In order to take advantage of solar energy and warm the caldarium, the baths face south-west. The caldarium was a warm room with a "floating" floor; the floor was elevated on pillars, with the space under the floor used as a heating well. It was in this way that the room can be warmed up. The caldarium in all the baths worked alongside the Frigidarium, the cold room, where the pool of cold water is located.
The Roman bathhouses were based on water brought to them via aqueducts. Roman aqueducts are artificial channels whose function was to transfer water from one place to another. In 537, the Goths destroyed the aqueducts that flowed to the baths causing them to cease functioning.
An interesting fact is that the ame of the railway station in Rome, Roma Termini station got its name from the baths.
One of the two towers of the baths is the church of San Bernardo alle Terme. One of the buildings of the National Museum of Rome is located in what was once the foyer of the bathhouse.
The baths were very popular in the rich and progressive empire of those days. Rome's elite class used to build baths in their homes and villas. Private initiators built public baths in the city's neighborhoods. These were established for business purposes and had entrance fees. In 33 BC there were no less than 170 baths in Rome, a number that has grown over the years.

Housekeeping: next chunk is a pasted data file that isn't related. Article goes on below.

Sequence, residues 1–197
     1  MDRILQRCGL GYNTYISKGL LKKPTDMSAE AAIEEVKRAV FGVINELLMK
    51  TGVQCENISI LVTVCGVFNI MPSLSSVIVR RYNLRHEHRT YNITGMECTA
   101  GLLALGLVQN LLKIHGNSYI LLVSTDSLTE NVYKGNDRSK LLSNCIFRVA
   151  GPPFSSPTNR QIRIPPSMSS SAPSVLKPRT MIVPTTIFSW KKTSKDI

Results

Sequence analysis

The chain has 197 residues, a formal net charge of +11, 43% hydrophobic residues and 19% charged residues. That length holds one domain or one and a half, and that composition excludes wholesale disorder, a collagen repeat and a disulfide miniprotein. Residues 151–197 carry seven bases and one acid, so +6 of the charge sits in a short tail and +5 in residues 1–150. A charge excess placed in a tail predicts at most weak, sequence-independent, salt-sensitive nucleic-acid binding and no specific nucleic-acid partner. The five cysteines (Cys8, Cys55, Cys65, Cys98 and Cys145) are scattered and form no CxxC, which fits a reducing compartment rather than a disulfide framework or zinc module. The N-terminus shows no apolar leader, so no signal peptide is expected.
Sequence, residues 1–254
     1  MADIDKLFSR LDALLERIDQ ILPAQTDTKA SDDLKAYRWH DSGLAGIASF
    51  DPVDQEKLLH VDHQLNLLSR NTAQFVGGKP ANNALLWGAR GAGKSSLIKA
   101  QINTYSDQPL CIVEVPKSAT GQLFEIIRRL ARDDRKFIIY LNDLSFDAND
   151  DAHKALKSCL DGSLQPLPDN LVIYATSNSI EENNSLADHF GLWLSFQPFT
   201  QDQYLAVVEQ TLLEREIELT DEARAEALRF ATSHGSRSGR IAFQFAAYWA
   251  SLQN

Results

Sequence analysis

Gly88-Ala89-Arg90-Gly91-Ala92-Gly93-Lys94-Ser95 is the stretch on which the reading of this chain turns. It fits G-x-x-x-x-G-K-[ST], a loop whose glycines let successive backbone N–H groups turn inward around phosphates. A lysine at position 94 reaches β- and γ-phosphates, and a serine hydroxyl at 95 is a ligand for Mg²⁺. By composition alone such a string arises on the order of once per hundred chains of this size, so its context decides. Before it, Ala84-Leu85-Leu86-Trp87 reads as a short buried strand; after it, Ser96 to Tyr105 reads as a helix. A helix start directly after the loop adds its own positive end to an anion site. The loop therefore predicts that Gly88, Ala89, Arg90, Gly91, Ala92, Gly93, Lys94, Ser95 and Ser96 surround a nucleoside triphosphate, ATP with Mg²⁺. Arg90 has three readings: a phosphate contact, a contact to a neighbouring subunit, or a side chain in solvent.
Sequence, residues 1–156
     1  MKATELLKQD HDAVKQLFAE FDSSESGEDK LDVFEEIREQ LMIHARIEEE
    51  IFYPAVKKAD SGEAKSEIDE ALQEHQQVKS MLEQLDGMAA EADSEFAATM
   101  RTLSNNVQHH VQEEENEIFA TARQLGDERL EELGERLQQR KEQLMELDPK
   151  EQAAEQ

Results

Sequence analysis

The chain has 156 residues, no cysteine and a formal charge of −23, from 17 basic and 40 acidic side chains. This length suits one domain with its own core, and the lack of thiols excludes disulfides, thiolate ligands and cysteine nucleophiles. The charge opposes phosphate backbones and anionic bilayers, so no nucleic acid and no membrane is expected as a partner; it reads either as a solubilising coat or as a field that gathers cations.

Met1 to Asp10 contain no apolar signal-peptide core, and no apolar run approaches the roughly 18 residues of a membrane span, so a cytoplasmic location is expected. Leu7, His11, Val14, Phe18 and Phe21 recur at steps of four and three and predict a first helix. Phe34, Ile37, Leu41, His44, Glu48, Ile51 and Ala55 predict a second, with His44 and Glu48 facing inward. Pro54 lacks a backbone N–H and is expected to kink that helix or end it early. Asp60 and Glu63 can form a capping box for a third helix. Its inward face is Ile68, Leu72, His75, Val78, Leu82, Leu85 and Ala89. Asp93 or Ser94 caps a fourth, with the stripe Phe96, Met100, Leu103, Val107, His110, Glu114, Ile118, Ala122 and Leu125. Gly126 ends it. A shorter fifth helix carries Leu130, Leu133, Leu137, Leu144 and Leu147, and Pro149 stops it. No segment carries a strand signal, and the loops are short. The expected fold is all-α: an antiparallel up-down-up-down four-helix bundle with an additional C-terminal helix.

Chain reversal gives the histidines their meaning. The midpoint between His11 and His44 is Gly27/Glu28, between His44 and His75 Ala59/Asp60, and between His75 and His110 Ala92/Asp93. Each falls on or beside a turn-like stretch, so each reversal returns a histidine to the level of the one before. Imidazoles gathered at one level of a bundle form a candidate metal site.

Initially, these baths were a luxury that was only available to the rich, but there were attempts to make these sites accessible to those who did not have the financial means to gain access to the baths. This was the historical role of Marcus Agrippa, the Roman general who became the vicar of Augustus Caesar and became a governmental superintendent of Rome and an innovator. Among other things, he took care to supervise the public baths, inspect their heating facilities and ensure their order and cleanliness.
When Agrippa was rich and wise later on, he made an amazing gesture. He took upon himself the cost of the entrance fee to all the baths for the period of his supervision. He did it to let everyone in - both the rich and the poor. Later he also built the free baths that bore his name - the Agrippa Baths. This noble attitude towards the masses was unusual in the imperial days and made him a popular figure in the empire. A good shower was considered of great importance in those days!